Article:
There’s a place for Orbitz and Expedia for the bottom-line-focused customer. But the cheapest price is not always the best price. If you’re going to London, you can get the cheapest price online for, say, $600, but you will make three stops and it will take one-and-a-half days to get there. “I’m talking about the value of your time,” Smith says.
- Create your travel itinerary. Determine the dates and time you’d like to leave London by train for France. Also, decide what your final destination city will be to determine whether or not you need to catch a connecting train. Once you have your itinerary planned you can move on to booking your trip.
- Decide what seat is right for you. Eurostar has three classes, ranked highest to lowest in cost: Business First Class, Leisure First Class, and Standard Class. All seats on Eurostar must be booked in advance to secure a reservation. Both types of first class seats are identical and offer meals and beverages with the main difference being ticket flexibility. Standard Class is more affordable, but does not provide meals or beverages. You can request your exact seat, based on availability, by viewing the seating plan on the Eurostar website.
- Book your trip on the Eurostar from London to Lille or Paris, France. The easiest and cheapest way to buy tickets is online at the Eurostar website. Your tickets can be printed off of your PC or you can pick them up at the station before your departure. Tickets can only be mailed to a United Kingdom, French or Belgian address. You can also book by calling Eurostar directly where you can speak to a travel representative. The Eurostar telephone number can be found on its website. Tickets can booked up to four months prior to departure.
- Book your trip from Lille or Paris to your next location, if needed. If you are going beyond Paris or Lille, it is easiest to buy your tickets in advance from Rail Europe. Type in your departure and arrival location with your requested dates and a list of options will appear. Tickets will be mailed to you or you can print them in the form of an E-ticket. You can also have a Rail Europe agent help you by calling the toll free number provided on its website. If you’re feeling more adventurous, you can also purchase tickets the day of your travel. However, seating availability is not guaranteed. If it’s imperative that you catch a specific train, it is always recommended to book a reservation in advance.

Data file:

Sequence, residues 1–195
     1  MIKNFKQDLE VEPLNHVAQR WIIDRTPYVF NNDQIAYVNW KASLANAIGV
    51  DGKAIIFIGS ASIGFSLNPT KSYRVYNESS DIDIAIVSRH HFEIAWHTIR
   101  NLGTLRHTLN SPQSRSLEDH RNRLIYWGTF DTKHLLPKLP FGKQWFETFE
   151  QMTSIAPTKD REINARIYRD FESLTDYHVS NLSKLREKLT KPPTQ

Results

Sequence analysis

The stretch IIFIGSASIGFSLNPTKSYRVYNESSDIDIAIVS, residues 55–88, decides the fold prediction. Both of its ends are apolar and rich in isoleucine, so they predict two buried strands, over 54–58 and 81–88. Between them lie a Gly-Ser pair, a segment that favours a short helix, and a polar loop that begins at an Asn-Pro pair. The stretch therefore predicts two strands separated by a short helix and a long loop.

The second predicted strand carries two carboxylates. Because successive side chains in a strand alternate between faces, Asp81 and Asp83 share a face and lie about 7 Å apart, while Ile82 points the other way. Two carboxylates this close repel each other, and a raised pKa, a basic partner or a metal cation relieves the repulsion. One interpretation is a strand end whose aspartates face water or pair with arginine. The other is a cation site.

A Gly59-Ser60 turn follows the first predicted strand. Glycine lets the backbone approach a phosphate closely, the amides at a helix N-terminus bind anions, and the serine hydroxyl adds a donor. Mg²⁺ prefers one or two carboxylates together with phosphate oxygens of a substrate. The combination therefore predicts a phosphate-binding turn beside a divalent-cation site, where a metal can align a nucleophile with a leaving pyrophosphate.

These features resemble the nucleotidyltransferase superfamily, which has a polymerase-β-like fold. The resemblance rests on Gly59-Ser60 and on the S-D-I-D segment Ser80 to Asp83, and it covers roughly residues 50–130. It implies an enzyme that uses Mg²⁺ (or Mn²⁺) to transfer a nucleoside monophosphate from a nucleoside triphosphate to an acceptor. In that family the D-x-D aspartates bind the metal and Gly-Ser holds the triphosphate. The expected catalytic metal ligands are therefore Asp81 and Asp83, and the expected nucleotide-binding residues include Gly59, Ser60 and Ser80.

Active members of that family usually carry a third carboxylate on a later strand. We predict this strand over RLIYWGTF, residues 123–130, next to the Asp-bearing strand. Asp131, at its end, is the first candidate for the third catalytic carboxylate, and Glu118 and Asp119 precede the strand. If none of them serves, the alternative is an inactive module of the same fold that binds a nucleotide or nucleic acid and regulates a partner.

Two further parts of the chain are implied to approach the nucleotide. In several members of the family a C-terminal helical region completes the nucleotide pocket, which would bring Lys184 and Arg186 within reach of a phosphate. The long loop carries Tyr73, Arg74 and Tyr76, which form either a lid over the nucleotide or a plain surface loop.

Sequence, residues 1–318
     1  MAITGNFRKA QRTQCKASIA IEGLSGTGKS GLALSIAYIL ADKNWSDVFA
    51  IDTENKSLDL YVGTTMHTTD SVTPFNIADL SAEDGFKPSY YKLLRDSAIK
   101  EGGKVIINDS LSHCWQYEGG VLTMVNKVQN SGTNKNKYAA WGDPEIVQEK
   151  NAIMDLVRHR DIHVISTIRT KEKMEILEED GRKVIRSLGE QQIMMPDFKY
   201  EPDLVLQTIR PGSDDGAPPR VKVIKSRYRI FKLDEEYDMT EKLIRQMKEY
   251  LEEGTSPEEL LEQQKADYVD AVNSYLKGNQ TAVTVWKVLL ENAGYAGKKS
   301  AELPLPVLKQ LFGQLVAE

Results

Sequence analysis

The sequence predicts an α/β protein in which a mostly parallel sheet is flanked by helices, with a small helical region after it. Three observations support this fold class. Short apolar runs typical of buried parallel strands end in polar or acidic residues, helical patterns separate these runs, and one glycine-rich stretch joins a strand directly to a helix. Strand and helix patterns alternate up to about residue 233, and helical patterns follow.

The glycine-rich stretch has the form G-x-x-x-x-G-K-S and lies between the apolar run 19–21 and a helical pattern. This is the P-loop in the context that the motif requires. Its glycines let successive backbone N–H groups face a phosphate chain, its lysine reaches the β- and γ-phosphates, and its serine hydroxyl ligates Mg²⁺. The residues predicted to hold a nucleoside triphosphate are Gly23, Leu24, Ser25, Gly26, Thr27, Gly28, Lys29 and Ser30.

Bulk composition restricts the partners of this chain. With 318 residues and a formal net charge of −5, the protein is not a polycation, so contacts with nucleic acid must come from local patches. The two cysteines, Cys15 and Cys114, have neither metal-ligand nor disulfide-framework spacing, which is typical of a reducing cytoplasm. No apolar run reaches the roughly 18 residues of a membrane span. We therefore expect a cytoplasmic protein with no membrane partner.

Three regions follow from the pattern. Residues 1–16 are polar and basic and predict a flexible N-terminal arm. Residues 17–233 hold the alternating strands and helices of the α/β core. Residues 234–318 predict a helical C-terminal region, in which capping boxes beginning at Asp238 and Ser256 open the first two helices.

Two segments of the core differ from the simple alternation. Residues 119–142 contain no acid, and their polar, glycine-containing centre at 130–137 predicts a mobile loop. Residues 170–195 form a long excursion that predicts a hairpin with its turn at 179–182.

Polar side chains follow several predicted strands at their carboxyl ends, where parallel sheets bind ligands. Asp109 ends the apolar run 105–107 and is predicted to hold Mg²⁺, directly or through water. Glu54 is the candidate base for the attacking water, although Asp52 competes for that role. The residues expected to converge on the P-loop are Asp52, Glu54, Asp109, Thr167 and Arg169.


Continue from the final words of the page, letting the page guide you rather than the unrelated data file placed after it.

Working from home is becoming more popular in the Internet age. One business that can be run from a home office is a travel agency. Only relatively simple pieces of equipment such as a computer and a telephone are needed. While travel agents are no longer licensed, many states do require travel agents to be registered and some also require them to pay bonds or satisfy other conditions. Even in states that do not require registration, airlines, hotels and other vendors may refuse to do business with unregistered agents.
- Make a commitment to becoming an agent. Register as a travel agent with a travel authority. This can be done by contacting The Travel Institute, ASTA, ARC and CLIA, all of whom offer professional travel designations.
- Set up an office at home. This should be a quiet area where you can do your research for trips, make phone calls and meet with clients.
- Register through a host agency. Host agencies are not necessary but can help you find clients, charities and other groups. They also give you a forum to book your airline and hotel tickets for relatively low, flat fees. Registering for an agency relieves much of the pressure on individual agents by offering them support.
- Practice by booking trips for your friends and family. Treat these individuals as real customers, thereby working on your customer service skills. If a good job is done, ask them to refer you to their friends.
- Market yourself. The best marketing can be done in your local community through posters, flyers and word of mouth. Hang signs are your local gym and supermarket. Tell your friends about your new business as well as make business cards to distribute.